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  Willard Pest ControlBuy this film here.
Year: 2003
Director: Glen Morgan
Stars: Crispin Glover, R. Lee Ermey, Laura Harring, Jackie Burroughs, Kimberly Patton, William S. Taylor, Edward Horn, Gus Lynch, Laara Sadiq, David Parker, Ty Olsson
Genre: Horror
Rating:  7 (from 1 vote)
Review: Downtrodden Willard Stiles (Crispin Glover) lives with his infirm mother (Jackie Burroughs) in a big, old, dilapitated house, and one night she tells him that she hears rats in the basement. Willard dutifully goes to buy rat poison and traps, but when he proceeds to catch a rat, he has a crisis of conscience and decides to keep it as a pet, calling the animal Socrates. Socrates, however, has a number of friends, including the large and menacing rat Willard names Ben, and the loner begins to teach them tricks. Why? Because Willard has an enemy, his boss Mr Martin (R. Lee Ermey), and, with the help of the rodents, is looking for revenge.

Willard was yet another in the cycle of remakes and homages to horror films of two to three decades before, but this one wasn't inspired by The Texas Chain Saw Massacre for a change. Written by the director Glen Morgan, from the novel by Gilbert Ralston, it was a Gothic-flavoured restaging of the seventies cult chiller, and its dark, eccentric look resembled that of a Tim Burton film, especially with its outsider protagonist and Shirley Walker's Elfman-esque music. And who better to play Willard than one of the most idiosyncratic actors of his generation, Crispin Glover?

As the plot is predictable even if you haven't seen the original, Glover is the saving grace, turning in a perfectly-judged, top-quality performance of a hypersensitive loser suffering from a serious case of low self esteem. Socrates is his only friend, and you can believe that the little white rat is the only friend he has ever had. Willard lives in the shadow of his father (seen only in photographs and played by the original Willard, Bruce Davison), who built the business that Willard now works for in a lowly office position.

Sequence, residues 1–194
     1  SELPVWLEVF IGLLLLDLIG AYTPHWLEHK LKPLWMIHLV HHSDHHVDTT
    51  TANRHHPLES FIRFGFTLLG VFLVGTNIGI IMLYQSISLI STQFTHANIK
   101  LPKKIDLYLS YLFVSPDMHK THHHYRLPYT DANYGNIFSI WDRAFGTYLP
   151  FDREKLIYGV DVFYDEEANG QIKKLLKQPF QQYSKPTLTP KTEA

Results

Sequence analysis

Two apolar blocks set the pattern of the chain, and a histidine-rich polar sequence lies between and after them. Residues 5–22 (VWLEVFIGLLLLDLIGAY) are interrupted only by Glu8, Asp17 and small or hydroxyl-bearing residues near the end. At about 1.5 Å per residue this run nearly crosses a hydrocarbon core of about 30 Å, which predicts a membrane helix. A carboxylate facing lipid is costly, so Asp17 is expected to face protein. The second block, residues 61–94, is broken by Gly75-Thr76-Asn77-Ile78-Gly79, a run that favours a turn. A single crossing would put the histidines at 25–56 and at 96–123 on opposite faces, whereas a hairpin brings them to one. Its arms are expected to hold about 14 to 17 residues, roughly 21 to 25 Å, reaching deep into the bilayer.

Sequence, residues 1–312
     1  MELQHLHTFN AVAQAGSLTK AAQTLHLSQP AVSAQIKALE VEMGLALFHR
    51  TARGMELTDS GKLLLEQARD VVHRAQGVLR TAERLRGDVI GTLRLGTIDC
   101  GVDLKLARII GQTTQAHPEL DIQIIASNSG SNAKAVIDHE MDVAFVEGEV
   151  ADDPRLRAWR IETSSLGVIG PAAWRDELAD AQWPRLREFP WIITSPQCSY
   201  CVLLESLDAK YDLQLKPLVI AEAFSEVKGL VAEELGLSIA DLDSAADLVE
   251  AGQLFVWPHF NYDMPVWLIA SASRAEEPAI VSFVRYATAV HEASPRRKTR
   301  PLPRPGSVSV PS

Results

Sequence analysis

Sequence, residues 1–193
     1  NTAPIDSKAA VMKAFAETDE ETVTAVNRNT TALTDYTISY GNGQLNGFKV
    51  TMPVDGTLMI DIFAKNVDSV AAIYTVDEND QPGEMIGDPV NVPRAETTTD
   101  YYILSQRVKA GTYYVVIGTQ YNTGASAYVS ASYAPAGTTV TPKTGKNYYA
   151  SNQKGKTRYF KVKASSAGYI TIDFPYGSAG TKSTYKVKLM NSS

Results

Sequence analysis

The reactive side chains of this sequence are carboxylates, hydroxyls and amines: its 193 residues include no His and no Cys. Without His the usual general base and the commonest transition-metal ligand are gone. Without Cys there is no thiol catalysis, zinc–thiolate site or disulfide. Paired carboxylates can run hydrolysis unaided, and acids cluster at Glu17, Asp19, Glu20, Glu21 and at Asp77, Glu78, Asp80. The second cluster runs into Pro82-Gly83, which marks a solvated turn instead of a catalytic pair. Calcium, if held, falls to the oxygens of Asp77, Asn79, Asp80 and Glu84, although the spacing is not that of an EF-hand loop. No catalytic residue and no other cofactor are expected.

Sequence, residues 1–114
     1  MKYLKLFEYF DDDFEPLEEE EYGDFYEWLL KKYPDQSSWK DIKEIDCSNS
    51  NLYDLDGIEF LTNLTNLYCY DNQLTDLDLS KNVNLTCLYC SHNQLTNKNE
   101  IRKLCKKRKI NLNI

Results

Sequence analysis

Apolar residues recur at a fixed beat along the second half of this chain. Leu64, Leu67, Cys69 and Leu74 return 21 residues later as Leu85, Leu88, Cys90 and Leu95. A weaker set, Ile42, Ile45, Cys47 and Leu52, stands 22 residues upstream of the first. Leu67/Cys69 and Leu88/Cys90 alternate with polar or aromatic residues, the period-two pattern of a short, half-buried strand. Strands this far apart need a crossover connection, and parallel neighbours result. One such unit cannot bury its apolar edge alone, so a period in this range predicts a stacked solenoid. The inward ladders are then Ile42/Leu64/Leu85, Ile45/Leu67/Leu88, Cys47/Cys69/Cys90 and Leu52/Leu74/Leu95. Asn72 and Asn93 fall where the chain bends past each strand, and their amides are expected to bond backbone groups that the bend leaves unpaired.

Mr Martin is just looking for an excuse to fire Willard, but won't until his mother dies. Ermey is obnoxious enough as the bullying boss for your sympathies to lie with Willard, but the only person who feels sorry for him in the film is his co-worker, Cathryn (Laura Elena Harring). Cathryn is a seriously underwritten part, and feels more perfunctory than the other, two-dimensional characters, as it's Glover who is blessed with all the best chances from the script.

The black comedy element is strong, but not overwhelming, and if watching Glover have earnest conversations with small furry animals doesn't amuse you, then there are more obvious, sick jokes like the rats terrorising a cat, all to the strains of Michael Jackson singing "Ben". The real, tragic emotions of Willard's loneliness have the sting taken out of them by such scenes as the funeral one, where the devastated Willard may be in tears, but also has a huge line of snot hanging from his nose.

Still, it's satisfying to see the underdog get even, if only for a short while, and Willard isn't the real villain, Ben and Mr Martin are. There's a decent atmosphere of decay and mustiness, not only in the Stiles house, but at the office, too - perfect breeding grounds for rats. For a film that gives an unlikely leading man a great, grotesque starring role, Willard is very entertaining, in spite of its other deficiencies in the supporting characters and a finale that suffers an unnecessary coda. Also, fantastically, Glover sings "Ben" over the end credits!
Reviewer: Graeme Clark

 

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